Well, there’s that and a PhD in political science from Princeton, multiple books and articles published on the subject, respect from other scholarly sources of different political persuasion. Though I agree, try getting an academic paper approved in a society with a party line opposing what the paper documents. Or ask Norman Finkelstein about that.

            So, again, you are saying US backing of the KLA is a claim, NOT a documented fact? And you are saying KLA was NOT trying to incite a response? Do you also deny that British found at the time that KLA committed most of the killings in the first 10 or so months of the year before the US bombing?

          • Who cares if Parenti has published books and articles on the subject. David Irving has published books on Nazi Germany – that doesn’t make him an expert on the subject.

            Unlike you, I have actually read the British parliamentary report. Firstly, it was not a ‘conclusion’ of an inquiry,
            it was a statement by the foreign minister. The statement (paragraph 34) is
            referring to a specific brief period, the period between the first ceasefire
            on 16 October 1998 and 23 January 1999 (the time of the Racak massacre). It does not include the period of the spring/summer of 1998, where Serbian forces carried out major atrocities against Kosova Albanians. And
            thirdly, it says the majority of violations of the ceasefire and deaths were
            caused by the KLA, not the majority of crimes. In fact, the same source
            (paragraph 55) states that in the period prior to the bombing, ‘The Kosovo
            Albanian population … [was] suffering greater atrocities than the Serb
            population (and KLA attacks were mostly focussed on Serb policemen, while
            Serb action oftenfocussed on unarmed civilians)”

            A few counter questions for you:

            1. Has Michael Parenti ever published a book on the former Yugoslavia in an academic press? Does he speak any of the former Yugoslav languages ? Has he done
            fieldwork in the Balkans ? Or conducted original research on the topic,
            beyond regurgitating (low-quality) English-language sources ? What academic
            publications does he have relating to the Balkans ? If none of these are correct, on what basis does he have any expertise?
            2. If Serbian atrocities against Kosova Albanians are a ‘response’ to KLA attacks, does that mean that Turkish/Indonesian atrocities are also a ‘response’ to Kurdish or East Timorese insurgent activity?
            3. If Serbian atrocities against Kosova Albanians are a ‘response’ to KLA attacks, how does that explain Serbian atrocities in Bosnia and Croatia; or their neo-aparteid rule of Kosova before 1998?

          • Robert Barsocchini

            “Who cares if Parenti has published books and articles on the subject.” Who cares if doctor of poli sci from Yale (not princeton, sorry) has published on the subject? Well, a lot of people, frankly…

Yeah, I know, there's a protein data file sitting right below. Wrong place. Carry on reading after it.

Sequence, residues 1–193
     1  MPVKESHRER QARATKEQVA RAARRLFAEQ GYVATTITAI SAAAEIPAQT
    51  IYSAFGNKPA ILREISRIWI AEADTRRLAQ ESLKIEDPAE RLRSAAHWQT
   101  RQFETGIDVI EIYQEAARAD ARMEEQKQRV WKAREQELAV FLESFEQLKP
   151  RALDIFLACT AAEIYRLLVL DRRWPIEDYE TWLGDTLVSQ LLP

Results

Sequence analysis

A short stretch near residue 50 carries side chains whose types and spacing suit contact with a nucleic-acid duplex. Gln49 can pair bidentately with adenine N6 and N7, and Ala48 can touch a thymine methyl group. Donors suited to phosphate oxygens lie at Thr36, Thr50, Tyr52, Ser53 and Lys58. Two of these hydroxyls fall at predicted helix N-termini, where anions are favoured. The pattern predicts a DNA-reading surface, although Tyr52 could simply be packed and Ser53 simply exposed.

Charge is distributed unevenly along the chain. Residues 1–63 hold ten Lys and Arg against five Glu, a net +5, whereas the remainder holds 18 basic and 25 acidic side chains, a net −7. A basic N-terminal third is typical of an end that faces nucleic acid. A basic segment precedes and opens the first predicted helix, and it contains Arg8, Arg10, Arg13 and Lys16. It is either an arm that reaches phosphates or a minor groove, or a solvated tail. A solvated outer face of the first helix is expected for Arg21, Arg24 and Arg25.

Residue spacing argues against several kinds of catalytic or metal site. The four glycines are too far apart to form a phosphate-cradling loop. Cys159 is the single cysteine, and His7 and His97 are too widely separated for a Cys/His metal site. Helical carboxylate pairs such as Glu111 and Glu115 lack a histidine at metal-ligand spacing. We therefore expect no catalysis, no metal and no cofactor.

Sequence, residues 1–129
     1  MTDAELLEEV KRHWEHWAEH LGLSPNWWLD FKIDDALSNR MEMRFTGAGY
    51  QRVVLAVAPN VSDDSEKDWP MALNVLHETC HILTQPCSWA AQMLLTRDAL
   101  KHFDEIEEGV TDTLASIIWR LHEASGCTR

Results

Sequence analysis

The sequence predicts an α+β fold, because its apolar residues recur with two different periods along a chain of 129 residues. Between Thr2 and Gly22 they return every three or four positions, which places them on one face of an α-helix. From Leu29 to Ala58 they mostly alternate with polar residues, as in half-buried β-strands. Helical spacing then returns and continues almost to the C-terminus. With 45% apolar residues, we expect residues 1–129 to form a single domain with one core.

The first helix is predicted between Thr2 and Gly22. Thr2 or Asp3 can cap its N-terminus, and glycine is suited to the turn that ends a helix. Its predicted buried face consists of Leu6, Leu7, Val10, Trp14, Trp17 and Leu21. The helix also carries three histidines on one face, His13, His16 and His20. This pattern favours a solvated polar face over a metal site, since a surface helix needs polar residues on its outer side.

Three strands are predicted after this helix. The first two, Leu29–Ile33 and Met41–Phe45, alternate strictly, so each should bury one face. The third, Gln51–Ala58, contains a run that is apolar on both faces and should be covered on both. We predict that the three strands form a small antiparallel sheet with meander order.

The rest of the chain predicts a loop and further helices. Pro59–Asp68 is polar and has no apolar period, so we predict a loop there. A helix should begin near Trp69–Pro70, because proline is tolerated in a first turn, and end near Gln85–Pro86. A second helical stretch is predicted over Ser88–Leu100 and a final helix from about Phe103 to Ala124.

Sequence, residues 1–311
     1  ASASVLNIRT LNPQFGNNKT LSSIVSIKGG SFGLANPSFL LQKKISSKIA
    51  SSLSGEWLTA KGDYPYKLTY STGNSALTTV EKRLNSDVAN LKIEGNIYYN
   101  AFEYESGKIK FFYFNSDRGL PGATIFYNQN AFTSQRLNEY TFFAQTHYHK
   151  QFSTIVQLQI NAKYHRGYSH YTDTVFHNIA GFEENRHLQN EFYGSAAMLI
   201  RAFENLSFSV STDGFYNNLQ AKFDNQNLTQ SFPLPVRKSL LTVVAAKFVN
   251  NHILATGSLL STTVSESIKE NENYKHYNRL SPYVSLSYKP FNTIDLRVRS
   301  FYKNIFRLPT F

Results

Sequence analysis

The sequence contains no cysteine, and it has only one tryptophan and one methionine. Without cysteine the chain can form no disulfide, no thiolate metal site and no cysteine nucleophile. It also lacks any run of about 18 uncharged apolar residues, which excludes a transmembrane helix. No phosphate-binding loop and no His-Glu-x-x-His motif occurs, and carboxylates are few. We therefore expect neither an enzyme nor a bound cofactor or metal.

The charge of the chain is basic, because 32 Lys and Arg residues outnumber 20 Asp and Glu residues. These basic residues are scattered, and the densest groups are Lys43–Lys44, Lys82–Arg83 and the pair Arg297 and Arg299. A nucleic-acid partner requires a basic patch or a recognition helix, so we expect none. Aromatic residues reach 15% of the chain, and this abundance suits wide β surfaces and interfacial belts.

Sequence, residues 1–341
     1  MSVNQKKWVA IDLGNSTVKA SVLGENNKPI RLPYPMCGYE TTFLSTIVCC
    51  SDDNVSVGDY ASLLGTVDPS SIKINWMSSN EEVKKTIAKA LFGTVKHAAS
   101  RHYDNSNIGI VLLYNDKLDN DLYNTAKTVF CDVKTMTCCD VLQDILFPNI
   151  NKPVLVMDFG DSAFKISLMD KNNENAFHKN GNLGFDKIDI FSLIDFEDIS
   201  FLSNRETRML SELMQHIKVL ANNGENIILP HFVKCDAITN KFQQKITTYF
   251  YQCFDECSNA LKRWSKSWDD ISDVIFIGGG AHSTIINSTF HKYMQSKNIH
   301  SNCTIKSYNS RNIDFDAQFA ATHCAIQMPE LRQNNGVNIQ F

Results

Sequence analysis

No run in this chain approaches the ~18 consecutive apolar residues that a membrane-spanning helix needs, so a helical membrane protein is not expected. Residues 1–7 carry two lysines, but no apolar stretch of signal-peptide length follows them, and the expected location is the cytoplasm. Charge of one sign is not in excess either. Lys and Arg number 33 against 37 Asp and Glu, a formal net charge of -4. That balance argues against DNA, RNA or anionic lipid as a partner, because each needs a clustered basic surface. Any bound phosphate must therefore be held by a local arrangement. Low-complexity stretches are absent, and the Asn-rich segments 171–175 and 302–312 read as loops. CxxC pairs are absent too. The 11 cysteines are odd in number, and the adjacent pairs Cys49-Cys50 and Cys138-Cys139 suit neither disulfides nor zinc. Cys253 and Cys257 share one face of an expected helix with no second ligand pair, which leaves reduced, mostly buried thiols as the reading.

But you can of course peruse his bio/credentials easily on Wikipedia or his website. His expertise is in political science and he has produced scholarly works on varying topics, focusing on US policy but also historical subjects such as the Roman Empire.

            But your ad hominem attack against him is to show that only an “expert” is qualified to say what is worse than 2,000 deaths, the stated reason for the US bombing at the time. I flatly disagree.

            Transitioning from defending against ad hominem:

            I haven’t read the British report? How dare you.

            You can tell me if this is the wrong report, but par 34 is the first article in section called “THE KOSOVO CRISIS AFTER MAY 1997”

            The first act of violence it lists is: 1997 November: KLA attack Serb patrol

            It then follows: 1998

            Escalating violence in Kosovo

            KLA controls large areas of Kosovo

            Serb counter-offensive

          • The short answer is; no Michael Parenti has published a book on the former Yugoslavia in an academic press, does not speak any of the former Yugoslav languages, has not done
            fieldwork in the Balkans, nor conducted original research on the topic, beyond regurgitating (low-quality) English-language sources. The only publication he has relating to the Balkans is his book ‘Death of a Nation: The Attack on Yugoslavia’ published by the far-left publisher Verso and forwarded by Slobodan Milošević himself.

            The book is simply an outright apologia for Milošević and his regime and is simply worthless. Parenti seeks to explain the break-up of Yugoslavia, yet not knowing any of the former-Yugoslav languages, he is limited to English-language sources – his task is therefore as hopeless as that of a historian of the English Civil War who does not read English. Parenti several times refers to the pre-1991 Yugoslavia as the ‘FRY’ (Federal Republic of Yugoslavia), though it was in fact the SFRY (Socialist Federal Republic of Yugoslavia) – the FRY was not proclaimed until April 1992.